To many of us, thrust nappes and thrusting are things related to metamorphic rocks or shale-limestone sequences in places such as the Alps, the Caledonides or the Canadian Rockies, while rifts are more commonly associated with porous sandstones and shales. When shale-limestone sequences are shortened, thrusts follow shale beds and ramp up through the more competent limestone units, forming fault-bend folds and fault-propagation folds. This is the style of foreland thrust tectonics that we know from many orogens. But what happens to porous sandstones involved in foreland thrusting?
Recent work in Nevada, USA (and also in Provence, France) suggests that the sandstone can survive a lot of overthrusting without much internal strain. It develops deformation bands in high-porosity parts. Specifically it develops compaction bands where porosity is very high, and shear-enhanced compaction bands. Compaction bands are relatively rare and mainly involve band-perpendicular compaction, and are oriented perpendicular to the shortening direction and sigma1. Shear-enhanced deformation bands form two (conjugate) sets as illustrated in the figure (although both sets may not be present in the same outcrop). Hence we develop sets of small-scale structures that constrain the shortening direction very well.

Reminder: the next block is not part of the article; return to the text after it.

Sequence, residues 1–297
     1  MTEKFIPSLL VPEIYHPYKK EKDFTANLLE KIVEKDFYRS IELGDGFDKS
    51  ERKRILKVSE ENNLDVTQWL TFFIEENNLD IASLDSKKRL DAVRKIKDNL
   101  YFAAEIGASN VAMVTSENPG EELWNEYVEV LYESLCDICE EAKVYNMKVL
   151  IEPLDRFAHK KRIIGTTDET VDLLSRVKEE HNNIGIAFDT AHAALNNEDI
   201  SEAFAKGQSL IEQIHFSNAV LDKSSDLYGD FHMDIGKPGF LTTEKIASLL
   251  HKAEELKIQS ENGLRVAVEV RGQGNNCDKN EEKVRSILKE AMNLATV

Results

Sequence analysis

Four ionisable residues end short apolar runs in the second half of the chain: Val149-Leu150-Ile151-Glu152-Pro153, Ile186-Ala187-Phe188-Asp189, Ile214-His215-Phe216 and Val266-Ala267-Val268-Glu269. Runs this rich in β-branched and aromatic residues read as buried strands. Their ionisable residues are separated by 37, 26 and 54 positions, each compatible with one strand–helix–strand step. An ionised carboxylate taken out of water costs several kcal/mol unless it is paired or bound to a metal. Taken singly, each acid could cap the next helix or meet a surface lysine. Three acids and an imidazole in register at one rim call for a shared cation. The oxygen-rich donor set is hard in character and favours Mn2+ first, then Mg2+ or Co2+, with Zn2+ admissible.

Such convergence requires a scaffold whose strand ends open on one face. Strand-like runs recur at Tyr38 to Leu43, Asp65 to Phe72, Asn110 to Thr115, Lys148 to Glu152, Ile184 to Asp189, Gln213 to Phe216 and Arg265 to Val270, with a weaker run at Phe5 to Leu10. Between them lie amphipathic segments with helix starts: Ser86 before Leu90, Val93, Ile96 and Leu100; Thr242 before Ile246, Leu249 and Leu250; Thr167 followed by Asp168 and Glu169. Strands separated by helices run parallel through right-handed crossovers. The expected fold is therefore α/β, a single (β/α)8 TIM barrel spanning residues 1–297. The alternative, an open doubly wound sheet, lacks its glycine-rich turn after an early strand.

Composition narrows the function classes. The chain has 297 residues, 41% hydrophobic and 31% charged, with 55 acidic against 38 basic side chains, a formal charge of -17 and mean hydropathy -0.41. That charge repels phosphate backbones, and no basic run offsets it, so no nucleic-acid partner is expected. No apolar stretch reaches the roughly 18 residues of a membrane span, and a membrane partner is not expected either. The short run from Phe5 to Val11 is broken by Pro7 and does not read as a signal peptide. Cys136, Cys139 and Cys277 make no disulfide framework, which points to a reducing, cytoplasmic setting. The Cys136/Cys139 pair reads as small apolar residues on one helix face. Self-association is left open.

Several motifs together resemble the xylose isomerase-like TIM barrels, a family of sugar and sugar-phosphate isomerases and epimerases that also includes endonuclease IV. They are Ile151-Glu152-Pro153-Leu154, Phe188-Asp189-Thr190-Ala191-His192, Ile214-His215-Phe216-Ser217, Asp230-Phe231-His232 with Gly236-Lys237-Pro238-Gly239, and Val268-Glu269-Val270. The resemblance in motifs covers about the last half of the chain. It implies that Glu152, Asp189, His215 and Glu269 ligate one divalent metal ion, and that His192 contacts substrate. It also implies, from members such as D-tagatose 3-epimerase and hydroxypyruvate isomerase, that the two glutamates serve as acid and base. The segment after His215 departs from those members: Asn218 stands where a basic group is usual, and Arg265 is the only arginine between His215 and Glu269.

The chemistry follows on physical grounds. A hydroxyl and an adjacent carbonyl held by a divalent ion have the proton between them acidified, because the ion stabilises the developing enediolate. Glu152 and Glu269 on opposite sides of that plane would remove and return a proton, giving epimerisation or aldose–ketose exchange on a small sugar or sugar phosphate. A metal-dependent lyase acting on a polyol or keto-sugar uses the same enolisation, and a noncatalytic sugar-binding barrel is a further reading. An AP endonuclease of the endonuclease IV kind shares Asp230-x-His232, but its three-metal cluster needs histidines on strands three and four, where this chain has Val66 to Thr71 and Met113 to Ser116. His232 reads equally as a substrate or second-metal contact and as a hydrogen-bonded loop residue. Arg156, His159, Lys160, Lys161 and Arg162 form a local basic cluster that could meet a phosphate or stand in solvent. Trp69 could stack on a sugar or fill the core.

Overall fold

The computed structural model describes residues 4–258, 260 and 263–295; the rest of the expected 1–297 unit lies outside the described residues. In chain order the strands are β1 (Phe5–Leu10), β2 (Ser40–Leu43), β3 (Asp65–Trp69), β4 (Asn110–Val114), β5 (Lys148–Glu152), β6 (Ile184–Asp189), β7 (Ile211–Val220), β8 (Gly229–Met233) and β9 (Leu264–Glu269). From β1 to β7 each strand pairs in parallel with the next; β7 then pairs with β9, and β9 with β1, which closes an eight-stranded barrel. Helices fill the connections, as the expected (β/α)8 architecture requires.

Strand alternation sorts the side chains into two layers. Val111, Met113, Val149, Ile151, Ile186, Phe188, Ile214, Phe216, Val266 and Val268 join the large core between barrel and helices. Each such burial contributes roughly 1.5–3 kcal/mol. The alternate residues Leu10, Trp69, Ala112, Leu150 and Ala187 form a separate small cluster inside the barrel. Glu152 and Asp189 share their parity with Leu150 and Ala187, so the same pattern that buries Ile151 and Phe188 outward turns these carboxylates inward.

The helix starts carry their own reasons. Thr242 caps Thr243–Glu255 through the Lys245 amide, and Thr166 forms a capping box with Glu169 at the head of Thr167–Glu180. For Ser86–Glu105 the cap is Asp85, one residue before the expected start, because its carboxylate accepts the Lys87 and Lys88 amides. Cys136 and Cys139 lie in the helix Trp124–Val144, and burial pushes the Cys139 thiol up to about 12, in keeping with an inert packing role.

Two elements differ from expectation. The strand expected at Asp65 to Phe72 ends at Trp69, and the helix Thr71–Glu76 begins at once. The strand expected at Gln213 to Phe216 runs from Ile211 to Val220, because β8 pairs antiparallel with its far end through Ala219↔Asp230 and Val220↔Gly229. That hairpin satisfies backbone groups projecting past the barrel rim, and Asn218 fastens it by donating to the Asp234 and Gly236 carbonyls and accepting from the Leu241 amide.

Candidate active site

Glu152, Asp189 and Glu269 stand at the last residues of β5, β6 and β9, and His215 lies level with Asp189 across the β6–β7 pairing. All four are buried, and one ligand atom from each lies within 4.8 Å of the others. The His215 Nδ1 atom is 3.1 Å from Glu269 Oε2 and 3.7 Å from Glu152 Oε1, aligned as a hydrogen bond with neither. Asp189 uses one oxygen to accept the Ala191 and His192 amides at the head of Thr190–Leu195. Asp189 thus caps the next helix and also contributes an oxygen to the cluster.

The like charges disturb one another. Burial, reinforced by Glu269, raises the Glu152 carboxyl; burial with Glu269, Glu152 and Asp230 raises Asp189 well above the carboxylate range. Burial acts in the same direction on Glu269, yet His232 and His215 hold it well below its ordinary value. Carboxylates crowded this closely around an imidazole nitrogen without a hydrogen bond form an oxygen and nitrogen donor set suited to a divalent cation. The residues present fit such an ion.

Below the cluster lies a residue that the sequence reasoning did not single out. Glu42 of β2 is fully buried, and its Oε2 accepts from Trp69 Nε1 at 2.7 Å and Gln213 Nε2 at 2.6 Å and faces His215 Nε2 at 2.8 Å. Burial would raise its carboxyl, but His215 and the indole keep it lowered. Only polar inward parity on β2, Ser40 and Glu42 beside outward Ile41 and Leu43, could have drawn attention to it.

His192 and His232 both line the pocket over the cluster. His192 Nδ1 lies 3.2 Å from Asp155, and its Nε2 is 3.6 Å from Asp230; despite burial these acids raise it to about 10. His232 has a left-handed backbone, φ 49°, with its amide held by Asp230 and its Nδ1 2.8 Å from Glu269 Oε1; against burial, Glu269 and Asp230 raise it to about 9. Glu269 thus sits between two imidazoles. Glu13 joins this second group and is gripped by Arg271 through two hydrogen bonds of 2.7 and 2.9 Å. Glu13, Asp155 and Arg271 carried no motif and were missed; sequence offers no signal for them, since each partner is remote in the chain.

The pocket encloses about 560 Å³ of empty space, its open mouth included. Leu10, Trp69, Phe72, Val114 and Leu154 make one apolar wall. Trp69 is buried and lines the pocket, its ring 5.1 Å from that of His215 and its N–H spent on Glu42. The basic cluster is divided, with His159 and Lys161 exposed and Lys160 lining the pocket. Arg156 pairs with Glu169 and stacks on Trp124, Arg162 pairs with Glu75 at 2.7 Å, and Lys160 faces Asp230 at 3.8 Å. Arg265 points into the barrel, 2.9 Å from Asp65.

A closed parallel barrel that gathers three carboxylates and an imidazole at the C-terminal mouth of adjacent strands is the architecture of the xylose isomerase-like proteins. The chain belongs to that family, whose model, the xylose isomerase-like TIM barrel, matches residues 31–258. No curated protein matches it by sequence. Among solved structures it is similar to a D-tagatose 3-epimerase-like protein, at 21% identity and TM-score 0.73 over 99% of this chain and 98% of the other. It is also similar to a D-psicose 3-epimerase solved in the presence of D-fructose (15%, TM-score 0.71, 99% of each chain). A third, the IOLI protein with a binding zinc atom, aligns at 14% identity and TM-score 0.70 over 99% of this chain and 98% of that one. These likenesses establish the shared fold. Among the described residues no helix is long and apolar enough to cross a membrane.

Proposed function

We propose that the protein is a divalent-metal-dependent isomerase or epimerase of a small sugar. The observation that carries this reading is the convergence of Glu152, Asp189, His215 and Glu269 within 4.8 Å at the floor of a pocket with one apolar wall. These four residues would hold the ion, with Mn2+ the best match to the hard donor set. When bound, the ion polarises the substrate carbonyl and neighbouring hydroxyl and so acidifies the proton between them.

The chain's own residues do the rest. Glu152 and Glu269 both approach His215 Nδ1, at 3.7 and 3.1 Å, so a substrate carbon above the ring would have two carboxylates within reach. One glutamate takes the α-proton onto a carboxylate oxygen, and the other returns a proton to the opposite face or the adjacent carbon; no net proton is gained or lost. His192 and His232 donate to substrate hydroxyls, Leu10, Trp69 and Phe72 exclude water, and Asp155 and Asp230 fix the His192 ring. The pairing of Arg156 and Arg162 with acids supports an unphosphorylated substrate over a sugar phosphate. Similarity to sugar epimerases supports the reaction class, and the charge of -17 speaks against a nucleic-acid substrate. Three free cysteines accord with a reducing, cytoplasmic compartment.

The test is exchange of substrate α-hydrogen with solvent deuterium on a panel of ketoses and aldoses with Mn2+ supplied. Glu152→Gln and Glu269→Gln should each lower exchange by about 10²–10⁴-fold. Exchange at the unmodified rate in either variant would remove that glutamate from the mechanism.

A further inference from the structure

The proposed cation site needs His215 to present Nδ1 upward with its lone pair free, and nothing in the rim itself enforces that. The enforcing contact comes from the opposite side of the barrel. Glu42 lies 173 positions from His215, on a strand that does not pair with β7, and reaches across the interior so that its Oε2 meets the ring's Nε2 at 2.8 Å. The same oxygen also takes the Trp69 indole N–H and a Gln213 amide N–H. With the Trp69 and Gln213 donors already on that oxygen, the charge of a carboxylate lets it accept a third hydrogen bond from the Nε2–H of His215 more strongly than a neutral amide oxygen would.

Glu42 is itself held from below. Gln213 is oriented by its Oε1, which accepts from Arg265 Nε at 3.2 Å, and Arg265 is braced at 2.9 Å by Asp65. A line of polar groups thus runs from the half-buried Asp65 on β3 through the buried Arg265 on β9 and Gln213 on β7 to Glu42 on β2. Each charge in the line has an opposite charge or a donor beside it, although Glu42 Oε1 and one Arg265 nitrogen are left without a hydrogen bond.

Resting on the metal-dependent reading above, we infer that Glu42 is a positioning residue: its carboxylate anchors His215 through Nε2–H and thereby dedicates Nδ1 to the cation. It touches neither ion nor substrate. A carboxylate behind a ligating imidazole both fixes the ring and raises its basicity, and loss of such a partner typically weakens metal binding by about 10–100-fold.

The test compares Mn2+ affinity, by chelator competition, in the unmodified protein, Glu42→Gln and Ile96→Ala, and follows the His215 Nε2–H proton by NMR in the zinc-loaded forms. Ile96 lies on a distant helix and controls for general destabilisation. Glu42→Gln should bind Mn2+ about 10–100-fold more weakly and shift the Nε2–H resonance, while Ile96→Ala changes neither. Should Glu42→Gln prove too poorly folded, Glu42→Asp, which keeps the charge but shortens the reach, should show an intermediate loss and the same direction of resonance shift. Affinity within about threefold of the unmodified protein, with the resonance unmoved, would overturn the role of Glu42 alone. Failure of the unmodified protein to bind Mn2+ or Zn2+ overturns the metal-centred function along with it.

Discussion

Later during thrusting, as the sandstone is buried and somewhat more lithified (but still porous), cataclastic deformation bands form where grains are more strongly crushed.
Perhaps the most surprising thing that we observe is that these structures are fairly sparsely distributed in the sandstone, and only in a meter-thick zone at the thrust do we see intense deformation of the sandstone. It is amazing (and surprising) to have a several kilometer-thick thrust nappe moving tens of kilometers over a porous sand(stone) without doing more damage (grain crushing, porosity reduction): The sandstone is still highly porous and of good reservoir quality (0.1-1 darcy in large parts of the area). Hence overthrust reservoirs may be of good quality.
Why is this surprising? Because there is no weak shale or salt layer between the sandstone and the thrust nappe that can take up the shear strain. Just the meter-thick cataclastic zone. It is also difficult to create overpressure in this zone since the sandstone, porous and very thick and probably connected to the surface at the time of thrusting.
Fossen, H., Zuluaga, L.F., Ballas, G., Soliva, R. & Rotevatn, A. 2015: Contractional deformation of porous sandstone: insights from the Aztec Sandstone, SE Nevada, USA. Journal of Structural Geology 74, 172-184.
Gregory Ballas, G., Soliva, R., Sizunb, J-P., Fossen, H., Benedicto, A., & Skurtveit, E. 2013: Shear-enhanced compaction bands formed at shallow burial conditions; implications for fluid flow (Provence, France). Journal of Structural Geology 47, 3-15.
Brock, W.G., Engelder, J.T., 1977. Deformation associated with the movement of the Muddy Mountain overthrust in the Buffington window, southeastern Nevada. Geol. Soc. Am. Bull. 88, 1667-1677.